HomeNewsEventsMulti-SportRussia

Russian military officers charged in Olympics hacking campaign

Performers form the shape of a dove at the opening ceremony of the PyeongChang Winter Olympics (by Kyodo News Stills via Getty Images)

US and UK authorities have accused Russia of conducting the “most disruptive and destructive” series of computer attacks ever attributed to a single group in wide-ranging charges that include the 2018 and 2020 Olympic Games.

The US Department of Justice (DoJ) has announced that a federal grand jury in Pittsburgh returned an indictment charging six hackers, all of whom were residents and nationals of Russia and officers in Unit 74455 of the Russian Main Intelligence Directorate (GRU), a military intelligence agency of the General Staff of the Armed Forces.

The GRU hackers and their co-conspirators are accused of engaging in computer intrusions and attacks to support Russian government efforts to undermine, retaliate against, or otherwise destabilise the Olympic Games, along with the 2017 French elections, the Ukrainian and Georgian governments and the UK investigation into the nerve agent poisoning of Sergei Skripal, his daughter, and several British citizens.

With regards to the Olympics, Russia is said accused of targeting the 2018 winter Olympic Games in PyeongChang as a means of retaliation for the ban on its athletes competing under their country’s flag following the uncovering of Russia’s high-profile, state-sponsored doping campaign.

The DoJ said the computer attacks used some of the world’s most destructive malware to date, including Olympic Destroyer, which disrupted thousands of computers used to support PyeongChang 2018. The indictment charges the defendants with conspiracy, computer hacking, wire fraud, aggravated identity theft, and false registration of a domain name.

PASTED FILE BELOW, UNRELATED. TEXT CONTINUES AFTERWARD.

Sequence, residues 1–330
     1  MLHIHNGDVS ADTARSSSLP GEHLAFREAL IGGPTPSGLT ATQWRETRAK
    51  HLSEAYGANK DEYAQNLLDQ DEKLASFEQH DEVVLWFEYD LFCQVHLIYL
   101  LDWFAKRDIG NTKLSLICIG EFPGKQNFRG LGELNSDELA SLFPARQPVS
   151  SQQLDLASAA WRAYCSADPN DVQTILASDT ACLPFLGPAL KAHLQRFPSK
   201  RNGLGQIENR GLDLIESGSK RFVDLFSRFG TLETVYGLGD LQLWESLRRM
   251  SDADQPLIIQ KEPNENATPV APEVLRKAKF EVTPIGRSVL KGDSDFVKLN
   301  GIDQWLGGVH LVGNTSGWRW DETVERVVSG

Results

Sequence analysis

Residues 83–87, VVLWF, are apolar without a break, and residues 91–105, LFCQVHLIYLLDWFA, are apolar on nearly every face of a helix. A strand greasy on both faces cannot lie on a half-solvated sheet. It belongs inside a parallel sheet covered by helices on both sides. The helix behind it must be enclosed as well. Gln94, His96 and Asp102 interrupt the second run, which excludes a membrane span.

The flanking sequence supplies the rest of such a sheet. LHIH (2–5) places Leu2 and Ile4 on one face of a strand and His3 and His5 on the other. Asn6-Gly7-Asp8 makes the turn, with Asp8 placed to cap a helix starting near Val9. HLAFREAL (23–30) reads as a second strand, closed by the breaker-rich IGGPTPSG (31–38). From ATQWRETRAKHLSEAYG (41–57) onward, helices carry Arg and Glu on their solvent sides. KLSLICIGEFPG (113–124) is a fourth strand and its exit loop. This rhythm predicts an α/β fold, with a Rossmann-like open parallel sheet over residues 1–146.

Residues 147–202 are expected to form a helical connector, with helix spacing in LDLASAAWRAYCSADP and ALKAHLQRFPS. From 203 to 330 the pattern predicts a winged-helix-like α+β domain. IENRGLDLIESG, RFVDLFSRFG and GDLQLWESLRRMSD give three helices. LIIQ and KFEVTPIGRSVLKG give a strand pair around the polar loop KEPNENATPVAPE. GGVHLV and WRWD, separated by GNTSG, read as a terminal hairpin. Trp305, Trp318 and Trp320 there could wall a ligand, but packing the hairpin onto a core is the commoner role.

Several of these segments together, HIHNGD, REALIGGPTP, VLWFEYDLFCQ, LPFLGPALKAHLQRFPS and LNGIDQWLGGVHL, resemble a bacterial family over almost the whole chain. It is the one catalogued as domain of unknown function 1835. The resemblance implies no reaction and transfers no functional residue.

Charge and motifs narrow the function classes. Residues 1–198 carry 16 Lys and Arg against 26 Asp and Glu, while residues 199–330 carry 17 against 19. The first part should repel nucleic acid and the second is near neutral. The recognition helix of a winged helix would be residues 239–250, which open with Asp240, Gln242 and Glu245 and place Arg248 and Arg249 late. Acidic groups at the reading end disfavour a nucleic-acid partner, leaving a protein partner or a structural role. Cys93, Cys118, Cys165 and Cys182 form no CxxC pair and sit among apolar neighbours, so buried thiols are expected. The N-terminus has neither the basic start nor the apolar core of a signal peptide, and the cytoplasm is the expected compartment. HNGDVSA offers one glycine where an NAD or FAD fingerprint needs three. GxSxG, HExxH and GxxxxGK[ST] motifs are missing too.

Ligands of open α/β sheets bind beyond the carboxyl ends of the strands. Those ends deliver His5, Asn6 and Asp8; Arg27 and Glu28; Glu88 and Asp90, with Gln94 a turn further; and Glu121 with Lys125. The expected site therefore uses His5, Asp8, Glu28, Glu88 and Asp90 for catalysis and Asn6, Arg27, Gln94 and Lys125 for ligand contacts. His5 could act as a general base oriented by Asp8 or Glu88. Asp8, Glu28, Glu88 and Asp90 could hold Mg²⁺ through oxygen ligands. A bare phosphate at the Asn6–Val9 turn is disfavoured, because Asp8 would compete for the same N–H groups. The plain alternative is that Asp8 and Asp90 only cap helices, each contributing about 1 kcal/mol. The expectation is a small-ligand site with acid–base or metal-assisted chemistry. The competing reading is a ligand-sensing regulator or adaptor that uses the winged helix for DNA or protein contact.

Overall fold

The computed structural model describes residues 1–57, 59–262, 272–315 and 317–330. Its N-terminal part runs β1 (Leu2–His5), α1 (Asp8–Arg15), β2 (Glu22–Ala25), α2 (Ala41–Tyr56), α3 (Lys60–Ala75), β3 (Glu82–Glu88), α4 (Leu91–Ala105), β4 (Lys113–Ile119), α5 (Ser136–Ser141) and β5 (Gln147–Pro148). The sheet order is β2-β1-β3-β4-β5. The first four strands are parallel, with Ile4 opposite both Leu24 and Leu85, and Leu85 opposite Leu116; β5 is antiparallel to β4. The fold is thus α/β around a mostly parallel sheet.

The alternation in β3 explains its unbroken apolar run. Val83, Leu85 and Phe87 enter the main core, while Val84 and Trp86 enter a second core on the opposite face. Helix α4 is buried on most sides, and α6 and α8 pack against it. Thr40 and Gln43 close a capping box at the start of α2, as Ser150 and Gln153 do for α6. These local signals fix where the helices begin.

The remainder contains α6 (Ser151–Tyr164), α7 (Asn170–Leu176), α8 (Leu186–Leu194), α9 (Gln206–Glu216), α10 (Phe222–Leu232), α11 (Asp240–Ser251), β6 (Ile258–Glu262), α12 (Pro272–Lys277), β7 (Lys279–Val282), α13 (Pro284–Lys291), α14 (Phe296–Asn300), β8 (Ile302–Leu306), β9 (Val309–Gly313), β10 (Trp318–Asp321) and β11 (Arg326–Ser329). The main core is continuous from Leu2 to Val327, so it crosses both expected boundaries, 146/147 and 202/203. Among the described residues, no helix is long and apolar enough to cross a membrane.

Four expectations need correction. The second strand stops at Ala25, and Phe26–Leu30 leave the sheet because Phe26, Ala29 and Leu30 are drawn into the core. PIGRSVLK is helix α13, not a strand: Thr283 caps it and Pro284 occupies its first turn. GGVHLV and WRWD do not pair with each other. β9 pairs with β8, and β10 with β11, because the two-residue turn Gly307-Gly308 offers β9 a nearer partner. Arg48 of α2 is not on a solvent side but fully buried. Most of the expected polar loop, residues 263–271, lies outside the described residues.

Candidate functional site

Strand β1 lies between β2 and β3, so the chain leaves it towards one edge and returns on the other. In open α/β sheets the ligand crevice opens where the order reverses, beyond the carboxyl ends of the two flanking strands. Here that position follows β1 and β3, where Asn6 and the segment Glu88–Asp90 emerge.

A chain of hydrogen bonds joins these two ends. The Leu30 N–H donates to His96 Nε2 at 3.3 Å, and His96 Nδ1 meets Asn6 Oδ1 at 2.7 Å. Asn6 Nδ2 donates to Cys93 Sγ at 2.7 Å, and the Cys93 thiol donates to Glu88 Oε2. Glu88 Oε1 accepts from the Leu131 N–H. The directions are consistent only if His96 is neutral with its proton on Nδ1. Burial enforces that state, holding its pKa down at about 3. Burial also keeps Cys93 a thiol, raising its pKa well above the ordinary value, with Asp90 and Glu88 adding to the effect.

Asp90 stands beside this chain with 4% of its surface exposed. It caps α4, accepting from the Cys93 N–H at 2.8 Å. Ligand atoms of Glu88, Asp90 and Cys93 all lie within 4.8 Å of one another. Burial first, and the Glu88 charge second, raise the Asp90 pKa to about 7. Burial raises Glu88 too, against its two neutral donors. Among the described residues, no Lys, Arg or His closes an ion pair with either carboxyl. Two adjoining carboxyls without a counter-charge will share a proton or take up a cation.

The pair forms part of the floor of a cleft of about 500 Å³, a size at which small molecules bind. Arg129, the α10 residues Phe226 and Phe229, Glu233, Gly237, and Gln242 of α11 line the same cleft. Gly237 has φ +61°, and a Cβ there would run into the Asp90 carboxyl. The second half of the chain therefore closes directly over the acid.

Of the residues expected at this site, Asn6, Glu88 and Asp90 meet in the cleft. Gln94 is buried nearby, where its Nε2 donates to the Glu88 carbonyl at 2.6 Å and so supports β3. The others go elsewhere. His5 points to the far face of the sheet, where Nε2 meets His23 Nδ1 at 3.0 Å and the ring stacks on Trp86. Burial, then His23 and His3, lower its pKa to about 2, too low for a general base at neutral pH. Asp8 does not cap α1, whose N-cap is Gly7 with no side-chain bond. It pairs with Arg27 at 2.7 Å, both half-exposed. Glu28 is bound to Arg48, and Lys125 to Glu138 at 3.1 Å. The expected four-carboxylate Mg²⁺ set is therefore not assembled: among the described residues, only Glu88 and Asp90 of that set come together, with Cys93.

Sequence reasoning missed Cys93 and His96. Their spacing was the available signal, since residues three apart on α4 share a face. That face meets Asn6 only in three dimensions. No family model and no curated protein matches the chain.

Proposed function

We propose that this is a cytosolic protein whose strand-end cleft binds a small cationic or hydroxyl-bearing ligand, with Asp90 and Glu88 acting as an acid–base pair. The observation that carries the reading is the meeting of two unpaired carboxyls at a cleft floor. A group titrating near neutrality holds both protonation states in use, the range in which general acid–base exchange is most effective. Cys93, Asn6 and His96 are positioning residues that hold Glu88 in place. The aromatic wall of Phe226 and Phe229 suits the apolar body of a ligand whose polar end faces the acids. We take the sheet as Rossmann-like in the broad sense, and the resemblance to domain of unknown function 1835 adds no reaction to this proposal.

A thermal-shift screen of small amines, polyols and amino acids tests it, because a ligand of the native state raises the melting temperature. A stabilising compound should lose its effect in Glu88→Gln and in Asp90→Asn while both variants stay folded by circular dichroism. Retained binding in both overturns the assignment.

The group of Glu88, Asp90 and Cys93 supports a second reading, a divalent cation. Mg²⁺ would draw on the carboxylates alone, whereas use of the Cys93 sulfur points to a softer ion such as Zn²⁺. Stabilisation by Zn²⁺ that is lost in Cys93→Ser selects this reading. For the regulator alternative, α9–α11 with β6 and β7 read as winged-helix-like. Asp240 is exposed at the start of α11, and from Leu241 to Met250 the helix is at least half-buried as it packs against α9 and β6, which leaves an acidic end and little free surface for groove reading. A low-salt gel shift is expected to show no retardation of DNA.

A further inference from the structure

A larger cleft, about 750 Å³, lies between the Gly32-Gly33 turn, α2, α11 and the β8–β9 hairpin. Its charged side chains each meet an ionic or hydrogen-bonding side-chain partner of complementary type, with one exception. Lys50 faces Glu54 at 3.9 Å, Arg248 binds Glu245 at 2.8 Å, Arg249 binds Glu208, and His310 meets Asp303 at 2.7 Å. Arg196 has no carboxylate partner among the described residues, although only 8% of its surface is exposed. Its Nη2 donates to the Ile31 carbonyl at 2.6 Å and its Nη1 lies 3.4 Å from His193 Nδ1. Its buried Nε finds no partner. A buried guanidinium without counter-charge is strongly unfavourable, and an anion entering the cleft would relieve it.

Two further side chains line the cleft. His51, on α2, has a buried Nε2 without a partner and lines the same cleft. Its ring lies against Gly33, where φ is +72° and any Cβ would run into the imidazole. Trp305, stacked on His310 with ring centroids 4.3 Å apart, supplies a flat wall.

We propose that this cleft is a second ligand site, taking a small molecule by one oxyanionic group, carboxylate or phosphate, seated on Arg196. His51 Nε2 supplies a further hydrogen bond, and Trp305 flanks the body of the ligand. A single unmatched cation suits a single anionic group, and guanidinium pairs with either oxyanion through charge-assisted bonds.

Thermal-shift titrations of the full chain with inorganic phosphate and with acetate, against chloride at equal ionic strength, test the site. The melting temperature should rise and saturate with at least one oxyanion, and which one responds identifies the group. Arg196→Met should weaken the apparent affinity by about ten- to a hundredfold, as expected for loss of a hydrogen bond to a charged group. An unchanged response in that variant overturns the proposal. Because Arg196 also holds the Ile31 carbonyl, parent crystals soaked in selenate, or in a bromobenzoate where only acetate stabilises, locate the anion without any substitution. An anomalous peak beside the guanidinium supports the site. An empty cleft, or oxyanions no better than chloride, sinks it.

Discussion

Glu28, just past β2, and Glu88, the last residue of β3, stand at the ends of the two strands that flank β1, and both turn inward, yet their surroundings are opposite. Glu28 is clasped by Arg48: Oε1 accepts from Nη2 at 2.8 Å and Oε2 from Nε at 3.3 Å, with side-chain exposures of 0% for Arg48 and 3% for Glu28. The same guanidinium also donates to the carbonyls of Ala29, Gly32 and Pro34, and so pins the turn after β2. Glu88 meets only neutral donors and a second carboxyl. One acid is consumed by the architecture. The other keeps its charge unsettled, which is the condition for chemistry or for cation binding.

According to the indictment, beginning in or around November 2015 and continuing until at least in or around October 2019, the defendants and their co-conspirators deployed destructive malware and took other disruptive actions, for the strategic benefit of Russia, through hacking.

From December 2017 through to February 2018, the defendants are said to have utilised spear phishing campaigns and malicious mobile applications targeting South Korean citizens and officials, Olympic athletes, partners, and visitors, and International Olympic Committee (IOC) officials.

Intrusions into computers supporting PyeongChang 2018 are said to have been made during this time, culminating in Olympic Destroyer being deployed for the destructive malware attack that hit the opening ceremony of the Games on February 9, 2018.

“No country has weaponised its cyber capabilities as maliciously or irresponsibly as Russia, wantonly causing unprecedented damage to pursue small tactical advantages and to satisfy fits of spite,” said Assistant Attorney General for National Security, John C. Demers.

“The department has charged these Russian officers with conducting the most disruptive and destructive series of computer attacks ever attributed to a single group, including by unleashing the NotPetya malware.”

U.S. Attorney Scott W. Brady for the Western District of Pennsylvania added: “For more than two years we have worked tirelessly to expose these Russian GRU officers who engaged in a global campaign of hacking, disruption and destabilisation, representing the most destructive and costly cyber-attacks in history.”

Following the DoJ announcement, the UK exposed what it claims was “malicious cyber activity” from the GRU against organisations involved in the 2020 Olympic and Paralympic Games before they were postponed.

The National Cyber Security Centre (NCSC) said the activity involved cyber reconnaissance by the GRU targeting officials and organisations involved in the Games, which had been due to take place in Tokyo from July 24 to August 9 before being put back a year due to the Covid-19 pandemic.

The NCSC said it “assesses with high confidence” that the attacks were carried out by the GRU’s Main Centre for Specialist Technologies (GTsST), also known as Sandworm and VoodooBear.

Paul Chichester, the NCSC’s director of operations, said: “These attacks have had very real consequences around the world – both to national economies and the everyday lives of people. We will continue to work with our allies to ensure that we are the hardest possible target for those that seek to cause disruption and harm in cyberspace.”

Tokyo 2020 said in a statement that “no significant impact” had been observed in its operations, adding it has been taking “countermeasures”.